L-Glutamate decarboxylase (GAD, EC220.127.116.11) which catalyzes the conversion of Lglutamate to γ-aminobutyric acid (GABA), an important inhibitory neurotransmitter, is a specific marker for GABAergic neurons and their processes.1-4 Although GABA and GAD were originally believed to exist exclusively in the central nervous system (CNS) of the vertebrate5, with more sensitive methods GABA and GAD activity has been detected in glia and nonneural tissues such as the kidney, heart, liver, pancreas, adrenal medulla, and blood vessels.6-16 However, little is known with certainty about the properties of glial or nonneural GAD. Contrary to the glial GAD, the neuronal GAD has been purified to homogeneity from several species including the mouse,17 rat,18,19 bovine,20 catfish,21 and human22 and its properties have also been extensively characterized.23-27In a ddition, specific polyclonal and monoclonal antibodies against the neuronal GAD have also been obtained and characterized'28-31 and applied extensively for immunochemical and immunocytochemical studies of GAD in the vertebrate (for a review see References 2 to 4 and 32). In this review, the authors would like to cover the purification procedures, the criteria of purity, and the basic kinetic, physical, and immunochemical properties of GAD in addition to their application of the identification of GABAergic neurons and their projections.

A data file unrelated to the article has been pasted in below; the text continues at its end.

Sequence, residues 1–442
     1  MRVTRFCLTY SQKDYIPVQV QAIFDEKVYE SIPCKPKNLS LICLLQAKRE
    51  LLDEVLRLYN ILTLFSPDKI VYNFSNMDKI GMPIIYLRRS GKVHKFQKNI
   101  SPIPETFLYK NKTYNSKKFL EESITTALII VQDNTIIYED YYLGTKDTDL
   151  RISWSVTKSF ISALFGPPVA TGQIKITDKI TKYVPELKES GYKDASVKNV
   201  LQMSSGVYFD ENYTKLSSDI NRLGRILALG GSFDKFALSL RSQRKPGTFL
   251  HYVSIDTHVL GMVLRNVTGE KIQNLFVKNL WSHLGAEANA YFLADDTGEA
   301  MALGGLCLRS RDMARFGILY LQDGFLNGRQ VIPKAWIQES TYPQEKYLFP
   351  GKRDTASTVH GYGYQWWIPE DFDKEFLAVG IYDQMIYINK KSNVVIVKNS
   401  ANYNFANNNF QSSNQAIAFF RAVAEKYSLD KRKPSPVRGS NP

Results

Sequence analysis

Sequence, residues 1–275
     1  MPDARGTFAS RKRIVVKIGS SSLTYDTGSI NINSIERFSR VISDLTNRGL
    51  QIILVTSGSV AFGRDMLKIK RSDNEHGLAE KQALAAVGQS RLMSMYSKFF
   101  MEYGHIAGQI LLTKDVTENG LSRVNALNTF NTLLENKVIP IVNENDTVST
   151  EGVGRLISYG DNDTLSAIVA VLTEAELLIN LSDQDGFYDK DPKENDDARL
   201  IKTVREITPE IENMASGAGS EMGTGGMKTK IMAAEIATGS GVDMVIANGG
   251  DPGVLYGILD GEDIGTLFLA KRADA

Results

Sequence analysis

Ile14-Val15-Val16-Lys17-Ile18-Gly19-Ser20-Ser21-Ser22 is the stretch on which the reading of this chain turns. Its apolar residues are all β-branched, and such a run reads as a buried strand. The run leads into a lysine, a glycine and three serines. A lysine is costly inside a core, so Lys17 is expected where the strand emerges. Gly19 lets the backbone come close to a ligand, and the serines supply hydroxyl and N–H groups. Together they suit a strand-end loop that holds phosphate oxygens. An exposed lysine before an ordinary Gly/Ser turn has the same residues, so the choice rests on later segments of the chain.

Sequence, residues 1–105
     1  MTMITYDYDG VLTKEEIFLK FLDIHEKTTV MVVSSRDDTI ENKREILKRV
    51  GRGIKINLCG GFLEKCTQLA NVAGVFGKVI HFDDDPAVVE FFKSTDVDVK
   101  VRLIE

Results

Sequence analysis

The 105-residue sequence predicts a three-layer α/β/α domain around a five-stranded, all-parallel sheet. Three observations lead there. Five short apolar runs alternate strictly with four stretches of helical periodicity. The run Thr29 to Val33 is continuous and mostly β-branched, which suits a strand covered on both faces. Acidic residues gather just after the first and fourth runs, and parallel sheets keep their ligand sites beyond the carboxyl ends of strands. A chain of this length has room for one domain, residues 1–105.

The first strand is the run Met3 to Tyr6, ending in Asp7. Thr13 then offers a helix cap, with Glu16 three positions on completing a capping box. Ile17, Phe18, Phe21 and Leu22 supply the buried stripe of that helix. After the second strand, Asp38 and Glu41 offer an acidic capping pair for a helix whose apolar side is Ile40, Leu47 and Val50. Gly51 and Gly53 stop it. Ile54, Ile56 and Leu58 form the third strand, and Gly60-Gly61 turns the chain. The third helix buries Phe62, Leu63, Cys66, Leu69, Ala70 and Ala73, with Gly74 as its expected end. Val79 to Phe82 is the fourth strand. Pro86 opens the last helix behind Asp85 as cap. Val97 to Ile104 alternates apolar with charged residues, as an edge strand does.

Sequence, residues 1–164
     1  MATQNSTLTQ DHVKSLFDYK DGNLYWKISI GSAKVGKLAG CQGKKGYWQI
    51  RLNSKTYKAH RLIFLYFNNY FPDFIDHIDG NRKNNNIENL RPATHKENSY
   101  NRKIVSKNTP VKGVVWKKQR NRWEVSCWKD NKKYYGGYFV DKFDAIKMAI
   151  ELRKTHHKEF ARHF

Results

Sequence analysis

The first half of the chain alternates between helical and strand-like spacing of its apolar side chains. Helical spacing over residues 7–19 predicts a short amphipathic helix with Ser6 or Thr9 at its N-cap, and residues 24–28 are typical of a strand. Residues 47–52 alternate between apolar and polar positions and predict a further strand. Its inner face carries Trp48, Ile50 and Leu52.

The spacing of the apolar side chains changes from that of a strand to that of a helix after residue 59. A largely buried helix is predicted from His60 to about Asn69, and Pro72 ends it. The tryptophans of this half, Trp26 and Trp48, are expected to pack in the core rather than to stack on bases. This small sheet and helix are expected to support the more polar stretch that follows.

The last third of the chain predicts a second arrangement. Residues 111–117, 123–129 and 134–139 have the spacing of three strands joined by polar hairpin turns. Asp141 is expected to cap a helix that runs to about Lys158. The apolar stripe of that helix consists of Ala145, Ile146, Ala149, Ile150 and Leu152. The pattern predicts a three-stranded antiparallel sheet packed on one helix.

|Original language||English (US)|
|Title of host publication||Glutamine and Glutamate Mammals|
|Subtitle of host publication||Volume I|
|Number of pages||22|
|State||Published - Jan 1 2018|
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